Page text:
Daphne Clark Art | Portraits & Western Art | North Dakota & Montana


Daphne was raised in rural North Dakota, near the Montana border, where she spent much of her adolescence at her grandparent’s ranch; chasing cows, building fences, milking cows and helping check for spring calves. Daphne received a bachelor’s degree in biology from Minot State University in 2003 and has worked as an Environmental Health Practitioner striving to protect the area where she was raised from the impacts of rapid growth due to oil production. Over the years, Daphne has watched the ranching life in North Dakota and Montana disappear, giving way to an oil-based economy.

In 2010, Daphne was inspired to start painting when a friend introduced her to oil paint as a medium. She discovered she could easily spend hours mixing colors and manipulating paint on the canvas with different brushes, strokes and the pallet knife. The fluidity and versatility of this new medium had her hooked, yet Daphne craved feedback to further her skill set. In 2012, Daphne enrolled at the Academy of Art University to pursue a Master’s in Fine Art. Like the ranchers she depicts, Daphne believes in hard work. She selected AAU because of their philosophy anyone can create art if they are willing to put in the work. It was a natural fit to bring together her background and love for ranching and the outdoors into her paintings. Daphne believes there is a story in these rural areas just waiting to be told to the rest of the world and she wants to tell that story.

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Artist Statement

Every day in America, there is a tragic loss of family owned, working ranches. Through my paintings, I am trying to capture this lifestyle, before it disappears altogether. I want to provide a window into a world of how the ranchers work, and to commemorate the disappearing landscape, animals, ranchers and traditional tools of their trade.

I have lived all my life near the border of North Dakota and Montana, and it is in this area I spend time on these vanishing ranches. While taking reference photos, I tried to stay out of the way and not influence the roping, branding, sorting and other actions taking place. I then create the oil paintings in my studio from those images. I paint with muted colors because I don’t want saturated color to distract from the traditional ranch work or ranch implements, like saddles and ropes in the painting.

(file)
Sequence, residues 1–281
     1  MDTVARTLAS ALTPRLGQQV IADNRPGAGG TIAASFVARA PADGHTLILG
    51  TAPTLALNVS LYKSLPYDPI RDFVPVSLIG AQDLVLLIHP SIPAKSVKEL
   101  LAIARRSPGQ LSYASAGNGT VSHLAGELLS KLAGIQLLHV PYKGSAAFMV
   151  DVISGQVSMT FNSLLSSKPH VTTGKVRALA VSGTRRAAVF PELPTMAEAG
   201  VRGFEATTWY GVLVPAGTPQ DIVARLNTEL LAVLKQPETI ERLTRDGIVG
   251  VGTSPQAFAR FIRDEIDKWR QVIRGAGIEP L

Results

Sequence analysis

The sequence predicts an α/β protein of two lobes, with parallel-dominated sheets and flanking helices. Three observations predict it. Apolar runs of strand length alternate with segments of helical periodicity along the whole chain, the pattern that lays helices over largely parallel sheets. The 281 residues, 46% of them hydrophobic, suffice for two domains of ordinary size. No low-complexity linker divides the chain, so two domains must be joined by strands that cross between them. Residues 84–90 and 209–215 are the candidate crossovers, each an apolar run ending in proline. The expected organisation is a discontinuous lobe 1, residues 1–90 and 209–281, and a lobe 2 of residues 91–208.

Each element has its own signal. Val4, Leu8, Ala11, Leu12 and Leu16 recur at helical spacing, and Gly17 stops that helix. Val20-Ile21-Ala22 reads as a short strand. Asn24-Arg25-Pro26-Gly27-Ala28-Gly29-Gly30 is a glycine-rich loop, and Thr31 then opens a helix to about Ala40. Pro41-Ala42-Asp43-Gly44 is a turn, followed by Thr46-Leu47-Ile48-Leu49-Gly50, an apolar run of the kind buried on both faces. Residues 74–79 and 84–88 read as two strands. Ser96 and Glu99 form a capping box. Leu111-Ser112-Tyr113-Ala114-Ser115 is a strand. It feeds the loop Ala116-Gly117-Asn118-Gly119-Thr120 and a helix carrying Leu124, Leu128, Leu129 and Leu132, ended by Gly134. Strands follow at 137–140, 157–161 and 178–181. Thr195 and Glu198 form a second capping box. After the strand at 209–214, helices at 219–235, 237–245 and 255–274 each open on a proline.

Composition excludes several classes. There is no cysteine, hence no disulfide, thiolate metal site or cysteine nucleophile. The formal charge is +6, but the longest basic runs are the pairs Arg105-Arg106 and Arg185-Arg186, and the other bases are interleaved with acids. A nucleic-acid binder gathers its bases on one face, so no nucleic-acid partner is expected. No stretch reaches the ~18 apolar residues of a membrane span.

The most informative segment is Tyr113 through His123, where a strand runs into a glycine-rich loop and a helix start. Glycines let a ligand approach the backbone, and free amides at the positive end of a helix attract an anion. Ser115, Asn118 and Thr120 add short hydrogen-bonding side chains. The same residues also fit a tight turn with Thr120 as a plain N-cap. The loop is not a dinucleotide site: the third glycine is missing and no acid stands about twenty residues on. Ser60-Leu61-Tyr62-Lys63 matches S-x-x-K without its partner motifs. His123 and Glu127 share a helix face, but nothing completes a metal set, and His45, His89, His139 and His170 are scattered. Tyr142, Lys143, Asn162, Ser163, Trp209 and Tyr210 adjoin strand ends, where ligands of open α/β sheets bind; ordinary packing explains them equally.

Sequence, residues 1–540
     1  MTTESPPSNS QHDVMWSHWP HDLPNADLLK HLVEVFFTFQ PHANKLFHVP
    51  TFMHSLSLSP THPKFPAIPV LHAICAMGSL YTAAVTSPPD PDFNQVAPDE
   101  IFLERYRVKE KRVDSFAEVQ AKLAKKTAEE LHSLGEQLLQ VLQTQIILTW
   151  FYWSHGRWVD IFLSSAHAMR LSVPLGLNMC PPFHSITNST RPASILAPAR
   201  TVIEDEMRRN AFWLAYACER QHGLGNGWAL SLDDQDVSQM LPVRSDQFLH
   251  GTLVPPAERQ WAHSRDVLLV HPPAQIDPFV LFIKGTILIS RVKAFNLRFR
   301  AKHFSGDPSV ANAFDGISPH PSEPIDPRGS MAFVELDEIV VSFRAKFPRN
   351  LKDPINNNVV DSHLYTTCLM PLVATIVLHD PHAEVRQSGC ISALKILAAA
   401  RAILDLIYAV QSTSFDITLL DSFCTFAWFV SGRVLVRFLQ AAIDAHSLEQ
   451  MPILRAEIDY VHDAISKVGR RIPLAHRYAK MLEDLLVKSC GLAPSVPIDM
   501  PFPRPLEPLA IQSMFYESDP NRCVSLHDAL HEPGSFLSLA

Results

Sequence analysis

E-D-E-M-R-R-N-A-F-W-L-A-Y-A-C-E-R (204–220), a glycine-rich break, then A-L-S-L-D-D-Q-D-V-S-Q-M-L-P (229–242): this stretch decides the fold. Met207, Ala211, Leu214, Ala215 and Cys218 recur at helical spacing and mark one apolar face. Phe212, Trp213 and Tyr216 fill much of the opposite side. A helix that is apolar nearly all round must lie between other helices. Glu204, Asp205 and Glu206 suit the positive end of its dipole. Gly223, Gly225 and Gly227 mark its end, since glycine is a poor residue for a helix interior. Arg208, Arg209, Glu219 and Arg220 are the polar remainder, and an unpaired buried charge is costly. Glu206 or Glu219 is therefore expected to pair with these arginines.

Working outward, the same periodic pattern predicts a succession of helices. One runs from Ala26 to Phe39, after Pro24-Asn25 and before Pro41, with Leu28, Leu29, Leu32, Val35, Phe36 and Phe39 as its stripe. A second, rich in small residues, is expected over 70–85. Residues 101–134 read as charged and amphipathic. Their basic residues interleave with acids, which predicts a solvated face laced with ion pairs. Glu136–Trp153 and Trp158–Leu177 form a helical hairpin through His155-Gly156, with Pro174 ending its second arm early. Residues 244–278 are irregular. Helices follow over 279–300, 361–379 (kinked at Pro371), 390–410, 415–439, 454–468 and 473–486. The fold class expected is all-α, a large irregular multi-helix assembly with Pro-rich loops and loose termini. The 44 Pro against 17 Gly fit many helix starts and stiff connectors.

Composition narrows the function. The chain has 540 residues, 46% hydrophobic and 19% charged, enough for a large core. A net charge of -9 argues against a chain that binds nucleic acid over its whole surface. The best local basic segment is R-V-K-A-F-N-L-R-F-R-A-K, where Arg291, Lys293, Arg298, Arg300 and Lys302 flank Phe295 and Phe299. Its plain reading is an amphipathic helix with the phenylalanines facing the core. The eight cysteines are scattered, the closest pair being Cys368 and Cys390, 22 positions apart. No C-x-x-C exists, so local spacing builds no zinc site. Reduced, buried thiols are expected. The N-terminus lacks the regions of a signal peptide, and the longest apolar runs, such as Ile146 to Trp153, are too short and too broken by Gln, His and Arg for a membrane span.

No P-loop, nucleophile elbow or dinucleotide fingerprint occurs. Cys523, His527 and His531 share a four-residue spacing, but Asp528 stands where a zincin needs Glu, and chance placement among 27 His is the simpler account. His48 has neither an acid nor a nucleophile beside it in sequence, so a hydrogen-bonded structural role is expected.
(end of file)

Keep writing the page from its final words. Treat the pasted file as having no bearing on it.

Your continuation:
In “Branding Day” I explore the visual reality and specific action of the branding process. One method was to keep in my composition, the baseball caps the real ‘calf-wrestlers’ were wearing in the photos. When wrestling calves, instead of cowboy hats, most ranchers wear baseball caps, so they can stay on. In “Brushing and Bonding” I wanted to show the tenderness and bonding that goes into the caretaking of their animals.

Through my artwork, I feel an obligation to tell the story of these ranchers as it really is. In presenting their story with form and color I am reliving my childhood memories, honoring their work and keeping this disappearing lifestyle alive.

Getting In Touch

Daphne welcomes commissions please contact her with what you are looking for and to set up a time to visit in more detail. She can be contacted at daphneclarkart@gmail.com or by using the contact page.